Every spring, give them another feed of clematis food and a liquid tonic of tomato or rose food to get them going.  Prune them after flowering in spring but only to keep them in bounds and encourage flower buds to form lower down for next year.  Montanas are very vigorous when happy so give them plenty of space to grow. 

what to do with my HUGE laurel???

Posted: 10/03/2014 at 13:53

Laurels can be cut back hard but they respond by putting on amazing amounts of growth so I would consider digging it out as soon as you can.  You can get privacy from a trellis panel or 2 to replace it - raised up on tall fence posts if needs be - and grow some decorative climbing roses and/or clematis or honeysuckle depending on soil and aspect.

Another alternative would be a small tree such as a sorbus kashmeriana or a prunus serrulata which have extended seasons of interest and won't cast so much shade.

Chalk loving perennials

Posted: 10/03/2014 at 10:50

Assuming it's sunny and well drained :-

achillea (various colours available), agastache, alliums, anemone blanda, anthemis punctata, artemisia, asters, aubretia, campanulas, catanache, coreopsis, delphiniums, dianthus, dictamnus alba, echinops ritro, erigeron, eryngium, hardy geraniums , geums, lavatera, lychnis, nepeta, papaver (oriental poppies), penstemon, persicria affinis, phlox, phormium tenax, alvias, scabiosa, sedums and verbascums.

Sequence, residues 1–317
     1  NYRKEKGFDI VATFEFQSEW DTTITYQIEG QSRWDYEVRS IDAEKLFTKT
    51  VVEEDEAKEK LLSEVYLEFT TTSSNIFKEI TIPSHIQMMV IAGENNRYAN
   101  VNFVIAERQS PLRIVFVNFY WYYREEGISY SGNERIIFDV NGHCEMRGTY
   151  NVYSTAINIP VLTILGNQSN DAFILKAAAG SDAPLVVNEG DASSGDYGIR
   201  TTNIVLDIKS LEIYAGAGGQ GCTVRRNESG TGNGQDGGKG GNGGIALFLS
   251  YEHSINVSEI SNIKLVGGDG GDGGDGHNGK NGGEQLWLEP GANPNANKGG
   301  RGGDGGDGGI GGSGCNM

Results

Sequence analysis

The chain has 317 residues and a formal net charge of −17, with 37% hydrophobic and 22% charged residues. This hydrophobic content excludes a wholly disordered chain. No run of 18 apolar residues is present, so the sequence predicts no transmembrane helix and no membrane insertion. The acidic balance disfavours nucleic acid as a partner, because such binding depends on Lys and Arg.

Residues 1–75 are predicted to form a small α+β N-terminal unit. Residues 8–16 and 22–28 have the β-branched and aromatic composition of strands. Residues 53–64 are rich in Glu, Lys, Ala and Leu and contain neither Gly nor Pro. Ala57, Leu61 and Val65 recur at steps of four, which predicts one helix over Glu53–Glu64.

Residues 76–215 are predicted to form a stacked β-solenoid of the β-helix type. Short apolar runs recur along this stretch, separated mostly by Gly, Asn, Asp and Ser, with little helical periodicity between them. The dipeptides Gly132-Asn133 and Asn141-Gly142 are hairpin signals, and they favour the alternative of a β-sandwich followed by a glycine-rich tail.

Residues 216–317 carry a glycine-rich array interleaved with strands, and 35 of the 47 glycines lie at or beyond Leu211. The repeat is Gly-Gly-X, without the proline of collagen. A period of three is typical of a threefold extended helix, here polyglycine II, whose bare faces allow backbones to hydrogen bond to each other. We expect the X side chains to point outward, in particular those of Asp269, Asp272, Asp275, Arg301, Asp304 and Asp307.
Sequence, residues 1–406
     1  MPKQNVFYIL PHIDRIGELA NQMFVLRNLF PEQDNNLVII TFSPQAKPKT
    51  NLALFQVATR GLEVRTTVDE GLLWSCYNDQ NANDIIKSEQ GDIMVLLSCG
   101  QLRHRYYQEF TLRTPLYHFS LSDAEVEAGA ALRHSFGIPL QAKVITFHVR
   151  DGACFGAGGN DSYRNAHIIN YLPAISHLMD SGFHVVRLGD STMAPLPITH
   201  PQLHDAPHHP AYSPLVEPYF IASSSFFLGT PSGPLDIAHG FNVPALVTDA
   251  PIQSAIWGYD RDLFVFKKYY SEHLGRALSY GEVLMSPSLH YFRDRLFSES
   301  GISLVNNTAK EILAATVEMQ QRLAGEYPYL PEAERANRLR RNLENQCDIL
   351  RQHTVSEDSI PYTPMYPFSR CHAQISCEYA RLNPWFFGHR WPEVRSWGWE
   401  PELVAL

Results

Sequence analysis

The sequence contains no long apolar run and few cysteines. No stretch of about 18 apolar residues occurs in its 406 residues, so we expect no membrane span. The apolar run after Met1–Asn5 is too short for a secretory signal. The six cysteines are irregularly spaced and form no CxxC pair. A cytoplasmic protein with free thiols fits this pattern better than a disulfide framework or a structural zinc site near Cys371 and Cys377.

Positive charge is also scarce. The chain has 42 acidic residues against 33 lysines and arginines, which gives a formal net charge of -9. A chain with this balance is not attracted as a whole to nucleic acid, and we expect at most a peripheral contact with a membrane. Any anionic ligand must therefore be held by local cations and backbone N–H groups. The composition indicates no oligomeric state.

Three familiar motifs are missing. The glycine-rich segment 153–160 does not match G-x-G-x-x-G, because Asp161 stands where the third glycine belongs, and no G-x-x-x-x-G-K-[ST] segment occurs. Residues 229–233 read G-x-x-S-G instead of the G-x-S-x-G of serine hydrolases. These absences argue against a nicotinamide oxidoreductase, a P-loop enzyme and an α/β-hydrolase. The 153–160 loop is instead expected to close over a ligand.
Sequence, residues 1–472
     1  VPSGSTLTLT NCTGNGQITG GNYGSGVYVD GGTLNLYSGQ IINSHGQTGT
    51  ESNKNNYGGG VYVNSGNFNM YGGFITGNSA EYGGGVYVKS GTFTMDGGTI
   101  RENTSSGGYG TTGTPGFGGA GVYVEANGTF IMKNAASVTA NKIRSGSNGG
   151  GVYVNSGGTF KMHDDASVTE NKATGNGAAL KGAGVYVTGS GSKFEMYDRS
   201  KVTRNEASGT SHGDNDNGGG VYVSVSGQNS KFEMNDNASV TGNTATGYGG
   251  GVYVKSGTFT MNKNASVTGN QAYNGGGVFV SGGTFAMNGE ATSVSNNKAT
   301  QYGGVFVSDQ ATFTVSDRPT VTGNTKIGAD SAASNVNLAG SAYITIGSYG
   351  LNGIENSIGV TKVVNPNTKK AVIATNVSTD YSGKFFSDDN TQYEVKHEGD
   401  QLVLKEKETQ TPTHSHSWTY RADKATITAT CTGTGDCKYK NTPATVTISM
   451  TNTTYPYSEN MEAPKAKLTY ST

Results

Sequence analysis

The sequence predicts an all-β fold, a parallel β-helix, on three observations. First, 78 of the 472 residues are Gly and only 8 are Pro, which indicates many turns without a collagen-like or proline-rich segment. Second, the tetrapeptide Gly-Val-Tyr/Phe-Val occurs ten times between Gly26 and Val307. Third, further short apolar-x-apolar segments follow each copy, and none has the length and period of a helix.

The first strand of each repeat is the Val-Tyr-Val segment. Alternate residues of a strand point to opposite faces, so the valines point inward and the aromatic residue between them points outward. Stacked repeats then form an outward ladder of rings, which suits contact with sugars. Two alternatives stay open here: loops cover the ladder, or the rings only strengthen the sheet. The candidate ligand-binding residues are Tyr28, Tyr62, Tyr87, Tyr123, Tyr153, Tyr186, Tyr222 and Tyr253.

This should give you plenty of choice for form, colour and season of interest with some bubs thrown in for early colour. 


 will give a good range of colour and form.

Choosing a clematis

Posted: 10/03/2014 at 07:44

I have an Etoile Violette growing over a metal arch abotut 3' wide and deep.  It is gorgeous but more vigorous every year so I would recommend it for a wall or trellis where it can spread further.

Little Nell is more delicate in flower.  Betty Corning is perfumed.  Princess Diana is a lovely rich pink.   Alba Luxurians has lovely flowers and more delicate looking foliage.  Caerulea Luxurians is also lovely.  Blue Angel aka Blekitny Atholl is lovely from front and back as it has a stripe on the reverse.

I found that Viennetta couldn't cope with my cold winters but Chrystal Fountain does.

Another good perfumed one is this - small flowers but you'll be able to see them, and smell  them, close up on an arch.


sorbaria sem pruning

Posted: 10/03/2014 at 07:31

Some trees, such as birch, will bleed copiously if pruned during the active growth period in spring.

Your sorbaria is a plant known for suckering and spreading when it's happy.  You can dig those up and pot them on or replant elsewhere.  I wouldn't prune the top growth back apart from taking out any obvious dead twiggy bits.   It doesn't get very tall and looks best when left to show off its lovely spring foliage followed by the frothy flower heads.

Three weeks ago I dug up 7 "babies" from one of these that I've had to leave to its own devices for 2 years because of various surgeries.  I have replanted them along part of my road edge border to make a bit of a hedge and they're already looking really good.  In future, I shall force my spade in vertically around their roots about a foot from the main stems in order to sever any roots heading off to make new plants.